Project Management is like pushing a wheelbarrow of frogs to market.
10. Genesis of Failure
In the beginning was THE PLAN.
And then came The Assumptions.
And The Plan was without substance.
And The Assumptions were without form.
And darkness was upon the face of the Workers.
And they spoke among themselves, saying,
“It is a crock of s–t, it stinks.”
And the workers went unto their Supervisors, and said,
“It is a pail of dung, and none may abide the odour thereof.”
And the Supervisors went unto their Managers, saying
“It is a container of excrement, and it is very strong,
such that none may abide it.”
And the Managers went unto their Directors, saying,
“It is a vessel of fertiliser, and none may abide its strength.”
And the Directors spoke among themselves saying one to another,
“It contains that which aids plant growth, and it is very strong.”
And the Directors went to the Vice-Presidents, saying unto them,
“It promotes growth, and it is very powerful.”
And the Vice-Presidents went to the President, saying unto him,
“This new plan will actively promote the growth and vigour of the company, with powerful effects.”
And the President looked upon The Plan, and saw that it was good.
And The Plan became policy.
And that is how S–t happens.”
11. Improvements on Beating a Dead Horse
The tribal wisdom of the Dakota Indians, passed on from generation to generation, says that “When you discover that you are riding a dead horse, the best strategy is to dismount.” However, in many organizations a range of far more advanced strategies are often employed, such as:
- Buying a stronger whip
- Changing riders
- Saying things like, “This is the way we have always ridden this horse.”
- Appointing a committee to study the horse
- Arranging to visit other sites to see how others ride dead horses
- Lowering the standards so that dead horses can be included
- Appointing a tiger team to revive the dead horse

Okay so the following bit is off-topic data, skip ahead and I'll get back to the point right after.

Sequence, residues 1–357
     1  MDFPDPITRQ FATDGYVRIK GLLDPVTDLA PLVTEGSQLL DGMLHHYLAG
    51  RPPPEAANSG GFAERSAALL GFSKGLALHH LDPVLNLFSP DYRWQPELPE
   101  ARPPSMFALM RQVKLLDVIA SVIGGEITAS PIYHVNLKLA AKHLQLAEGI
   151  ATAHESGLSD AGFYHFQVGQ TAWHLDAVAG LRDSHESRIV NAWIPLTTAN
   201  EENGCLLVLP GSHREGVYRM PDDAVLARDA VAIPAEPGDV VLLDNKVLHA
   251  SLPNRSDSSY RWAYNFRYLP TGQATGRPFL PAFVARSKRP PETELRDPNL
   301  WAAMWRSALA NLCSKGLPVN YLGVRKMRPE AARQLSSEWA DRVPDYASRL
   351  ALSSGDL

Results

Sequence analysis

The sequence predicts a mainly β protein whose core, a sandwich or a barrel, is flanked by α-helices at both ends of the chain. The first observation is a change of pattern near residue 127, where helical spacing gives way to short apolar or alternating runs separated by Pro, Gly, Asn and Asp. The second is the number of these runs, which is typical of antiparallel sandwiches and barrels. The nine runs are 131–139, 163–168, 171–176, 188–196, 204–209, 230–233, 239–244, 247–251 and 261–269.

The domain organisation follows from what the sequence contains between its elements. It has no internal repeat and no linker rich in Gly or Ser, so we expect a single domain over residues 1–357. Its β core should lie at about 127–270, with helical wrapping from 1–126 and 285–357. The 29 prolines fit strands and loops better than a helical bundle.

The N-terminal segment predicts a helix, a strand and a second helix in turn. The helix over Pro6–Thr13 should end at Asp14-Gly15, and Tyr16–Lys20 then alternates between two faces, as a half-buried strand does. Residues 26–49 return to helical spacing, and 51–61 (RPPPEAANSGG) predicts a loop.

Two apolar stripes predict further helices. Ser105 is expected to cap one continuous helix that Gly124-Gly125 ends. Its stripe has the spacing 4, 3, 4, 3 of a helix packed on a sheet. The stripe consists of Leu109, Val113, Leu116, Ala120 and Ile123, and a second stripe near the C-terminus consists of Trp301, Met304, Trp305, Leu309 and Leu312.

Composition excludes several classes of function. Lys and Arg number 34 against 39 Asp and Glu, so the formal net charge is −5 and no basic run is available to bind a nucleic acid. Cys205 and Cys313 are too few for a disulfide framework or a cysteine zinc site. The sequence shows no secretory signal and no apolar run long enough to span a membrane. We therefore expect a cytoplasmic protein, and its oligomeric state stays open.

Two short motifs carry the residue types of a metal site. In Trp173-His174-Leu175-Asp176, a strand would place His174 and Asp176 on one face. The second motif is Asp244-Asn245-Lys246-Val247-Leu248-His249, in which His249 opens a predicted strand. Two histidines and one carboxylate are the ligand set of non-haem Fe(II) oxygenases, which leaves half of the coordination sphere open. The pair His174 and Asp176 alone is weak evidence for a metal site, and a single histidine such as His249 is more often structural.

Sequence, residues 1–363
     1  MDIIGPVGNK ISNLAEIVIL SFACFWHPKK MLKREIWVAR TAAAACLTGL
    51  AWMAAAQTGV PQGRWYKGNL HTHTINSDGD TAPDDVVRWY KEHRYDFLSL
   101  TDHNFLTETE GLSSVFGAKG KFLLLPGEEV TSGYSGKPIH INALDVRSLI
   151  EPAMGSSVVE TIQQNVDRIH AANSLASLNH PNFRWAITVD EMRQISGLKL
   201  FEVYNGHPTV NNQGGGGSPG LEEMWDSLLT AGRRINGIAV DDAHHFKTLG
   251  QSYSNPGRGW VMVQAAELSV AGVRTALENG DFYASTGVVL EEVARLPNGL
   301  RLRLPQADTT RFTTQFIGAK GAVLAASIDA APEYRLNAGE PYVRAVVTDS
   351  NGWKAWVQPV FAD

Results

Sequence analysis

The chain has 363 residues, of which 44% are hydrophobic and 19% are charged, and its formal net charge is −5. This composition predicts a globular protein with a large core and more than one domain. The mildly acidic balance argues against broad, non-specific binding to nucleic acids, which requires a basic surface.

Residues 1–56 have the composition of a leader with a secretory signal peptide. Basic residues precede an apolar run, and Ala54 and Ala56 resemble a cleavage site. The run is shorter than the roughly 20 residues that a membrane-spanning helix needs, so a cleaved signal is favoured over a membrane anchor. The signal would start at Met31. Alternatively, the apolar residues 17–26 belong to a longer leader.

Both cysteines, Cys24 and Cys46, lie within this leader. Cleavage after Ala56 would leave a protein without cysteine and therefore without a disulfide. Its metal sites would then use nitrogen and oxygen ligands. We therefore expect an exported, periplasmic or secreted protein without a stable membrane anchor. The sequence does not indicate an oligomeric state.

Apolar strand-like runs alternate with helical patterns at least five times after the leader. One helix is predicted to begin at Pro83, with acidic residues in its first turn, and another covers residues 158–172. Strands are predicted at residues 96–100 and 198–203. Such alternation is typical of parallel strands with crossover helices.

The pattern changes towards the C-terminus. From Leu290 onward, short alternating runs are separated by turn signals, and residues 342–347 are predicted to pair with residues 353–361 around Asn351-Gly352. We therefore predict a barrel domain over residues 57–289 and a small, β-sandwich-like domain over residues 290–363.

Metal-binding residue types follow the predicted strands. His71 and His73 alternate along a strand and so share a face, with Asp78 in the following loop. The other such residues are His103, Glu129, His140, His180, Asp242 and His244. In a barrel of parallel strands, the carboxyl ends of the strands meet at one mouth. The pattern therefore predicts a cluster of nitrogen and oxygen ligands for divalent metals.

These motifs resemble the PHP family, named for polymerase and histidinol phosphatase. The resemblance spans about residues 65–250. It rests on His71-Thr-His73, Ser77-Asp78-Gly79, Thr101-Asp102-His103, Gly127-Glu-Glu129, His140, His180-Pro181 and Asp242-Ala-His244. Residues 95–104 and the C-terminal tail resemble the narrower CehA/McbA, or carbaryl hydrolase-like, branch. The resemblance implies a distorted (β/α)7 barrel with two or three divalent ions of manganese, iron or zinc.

- Sending riders to training sessions to improve riding ability
- Comparing the state of dead horses in today’s environment
- Changing the requirements to declare that “This horse is not dead.”
- Declaring that “No horse is too dead to beat.”
- Reclassifying the dead horse as “living impaired”
- Doing a Cost Analysis study to see if contractors can ride the horse more cheaply.
- Purchasing a product that claims to make dead horses run faster
- Hiring an outside contractor to ride the dead horse
- Harnessing several dead horses together to increase the speed
- Providing additional funding and/or training to increase the dead horse’s performance
- Forming a quality circle to find uses for dead horses
- Saying “This horse was procured with cost as an independent variable.”
- Doing a productivity study to see if lighter riders would improve the dead horse’s performance
- Declaring that the horse is “better, faster and cheaper” dead (i.e. as the dead horse does not have to be fed, it is less costly, carries lower overhead, and therefore contributes substantially more to the mission of the organisation than do some other horses)
- Rewriting the expected performance requirements for all horses
- Promoting the dead horse to a supervisory position…
12. How Done Are You?
The first 90 percent of a project schedule takes 90 percent of the time.
The last 10 percent takes the other 90 percent of the time.